David Wondrich is a little ticked. An expert mixologist and the author of Esquire Drinks, Wondrich is relating a Maxim article from last year suggesting that lads “retire” the manhattan cocktail and replace it with a bourbon drink mixed with Gatorade Ice Orange and grape jelly. We enjoy a collective gag: Gatorade? Lucky for Liquid City, Wondrich has agreed to take manhattans with us, discussing the pros and cons of their various incarnations (the standard is two parts rye whiskey, one part sweet vermouth, and two dashes of bitters, topped with a maraschino cherry or orange twist), and why he calls it “a more affectionate cocktail than the stand-offish gin martini.”
The tasting begins at the WHISKEY WARD (121 Essex Street, 212-477-2998), the inexpensive but handsome Lower East Side drinking hall specializing in bourbon and brew. According to Wondrich, rye whiskey is the most important factor in making a good manhattan. The problem is, rye can be incredibly difficult to find: It was traditionally made in the Northeast until the industry virtually vanished during the last century, although a few boutique distilleries have recently sprung up. Good thing Van Winkle rye is on offer at the Ward, so we forgo the bar’s manhattan made with Maker’s Mark bourbon and spiked cherries ($8)—a frivolous confection that’s as laughable to a hardcore manhattanite as a cosmopolitan is to a martini man. But Van Winkle is such good rye, it’s almost a shame to dilute it with vermouth and such. We do so anyway, and the drink ($9.50) is like a prizefighter who’s taken one too many punches—the mellowed toughness betraying a sweetness that leaves you just a little sad.
A younger and therefore less concentrated and syrupy rye would have yielded a preferably spicy potion, says Wondrich, so it’s off to the tony BEMELMANS BAR (Carlyle Hotel, 35 East 76th Street, 212-744-1600), famous for its fanciful murals and for shaking some of the stiffest (and most expensive) cocktails in town. Audrey Saunders, the Carlyle’s new beverage director, who’s helping the classic bar shed its stodgy image, is on hand to greet us. A self-professed “cocktail geek” with boundless energy, Saunders informs us she’s out of Sazerac rye, and after some heated discussion, it’s decided we’ll have Booker’s bourbon, bottled straight from the barrel by Jim Beam’s grandson. The benefit of hanging out with cocktail geeks is that you get to try out all sorts of inventions: Saunders happens to have Gary Regan’s Orange Bitters behind the bar; Regan, a noted cocktail writer, has convinced a distillery to bottle the defunct recipe. The resulting manhattan ($18.75)—its dividends (the extra that’s left in the shaker) poured in a glass and set to ice—seems more grown-up than the one at the Ward, and at 125 proof, it’s got plenty of bite, not to mention manly orange zest.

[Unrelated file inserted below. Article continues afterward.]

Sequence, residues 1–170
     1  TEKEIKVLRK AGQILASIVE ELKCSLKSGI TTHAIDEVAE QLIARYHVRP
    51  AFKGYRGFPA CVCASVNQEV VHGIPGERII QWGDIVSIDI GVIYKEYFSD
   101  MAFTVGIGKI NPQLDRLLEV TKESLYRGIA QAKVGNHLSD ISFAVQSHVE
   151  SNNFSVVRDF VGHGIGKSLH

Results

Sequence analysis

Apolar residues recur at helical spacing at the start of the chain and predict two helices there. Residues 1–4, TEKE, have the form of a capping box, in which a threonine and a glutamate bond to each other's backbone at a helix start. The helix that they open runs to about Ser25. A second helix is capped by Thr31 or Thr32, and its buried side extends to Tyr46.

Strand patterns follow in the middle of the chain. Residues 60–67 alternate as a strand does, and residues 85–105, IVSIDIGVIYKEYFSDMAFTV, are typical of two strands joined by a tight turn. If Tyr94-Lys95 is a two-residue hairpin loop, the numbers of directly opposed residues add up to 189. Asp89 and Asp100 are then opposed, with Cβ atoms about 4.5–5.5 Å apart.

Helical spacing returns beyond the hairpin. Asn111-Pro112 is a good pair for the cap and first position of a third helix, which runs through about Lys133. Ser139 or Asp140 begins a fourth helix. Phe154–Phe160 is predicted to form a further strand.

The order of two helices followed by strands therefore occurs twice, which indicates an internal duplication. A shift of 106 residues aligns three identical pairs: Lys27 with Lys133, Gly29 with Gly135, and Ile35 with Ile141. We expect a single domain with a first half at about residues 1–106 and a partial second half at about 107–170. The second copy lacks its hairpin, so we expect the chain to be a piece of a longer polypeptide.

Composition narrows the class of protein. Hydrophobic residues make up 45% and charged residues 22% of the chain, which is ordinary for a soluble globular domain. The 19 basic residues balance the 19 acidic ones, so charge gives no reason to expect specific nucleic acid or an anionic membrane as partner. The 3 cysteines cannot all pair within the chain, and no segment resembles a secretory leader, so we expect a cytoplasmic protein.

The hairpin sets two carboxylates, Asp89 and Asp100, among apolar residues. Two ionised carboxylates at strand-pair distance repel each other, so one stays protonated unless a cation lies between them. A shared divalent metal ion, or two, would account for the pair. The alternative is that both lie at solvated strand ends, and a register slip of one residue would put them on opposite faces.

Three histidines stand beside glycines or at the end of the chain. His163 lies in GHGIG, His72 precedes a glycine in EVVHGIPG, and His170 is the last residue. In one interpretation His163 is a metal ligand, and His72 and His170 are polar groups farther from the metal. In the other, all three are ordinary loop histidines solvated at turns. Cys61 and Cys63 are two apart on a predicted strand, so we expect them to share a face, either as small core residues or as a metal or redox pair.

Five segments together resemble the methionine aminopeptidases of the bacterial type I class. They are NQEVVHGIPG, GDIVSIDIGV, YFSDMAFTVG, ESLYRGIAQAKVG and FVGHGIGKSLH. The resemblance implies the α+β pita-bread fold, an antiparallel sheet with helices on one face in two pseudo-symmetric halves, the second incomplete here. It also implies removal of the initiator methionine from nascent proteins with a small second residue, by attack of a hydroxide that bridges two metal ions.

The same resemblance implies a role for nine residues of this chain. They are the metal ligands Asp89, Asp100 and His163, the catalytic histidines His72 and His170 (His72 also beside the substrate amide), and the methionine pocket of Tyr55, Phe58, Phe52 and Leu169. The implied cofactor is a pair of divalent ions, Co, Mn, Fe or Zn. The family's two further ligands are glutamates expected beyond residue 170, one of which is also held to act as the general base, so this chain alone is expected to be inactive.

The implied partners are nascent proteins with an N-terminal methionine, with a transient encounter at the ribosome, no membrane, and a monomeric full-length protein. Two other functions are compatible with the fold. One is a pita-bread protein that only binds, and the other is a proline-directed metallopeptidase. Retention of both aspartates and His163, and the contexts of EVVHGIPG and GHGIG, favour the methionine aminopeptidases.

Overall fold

Having sampled the work of whiskey experts and high-end cocktail specialists, we were eager to check out what was shaking at the local dive. We set off for Park Slope’s fabled O’CONNOR’S (39 Fifth Avenue, Brooklyn, 718-783-9721), where the hipsters enjoy drinking beer, not martinis. Like most bars, O’Connor’s doesn’t have rye on its shelves, so we asked Bart the bartender to make our manhattans with John Powers Irish whiskey, occasionally referred to as an Angelo & Mike (from the pairing of Italian vermouth and Irish whiskey). It seems an appropriate outer-borough cocktail, and Bart stirs us up a batch, pouring the light, smooth potion ($6) into old-fashioned parfait glasses. “A pleasant tipple,” declares Wondrich. Agreed.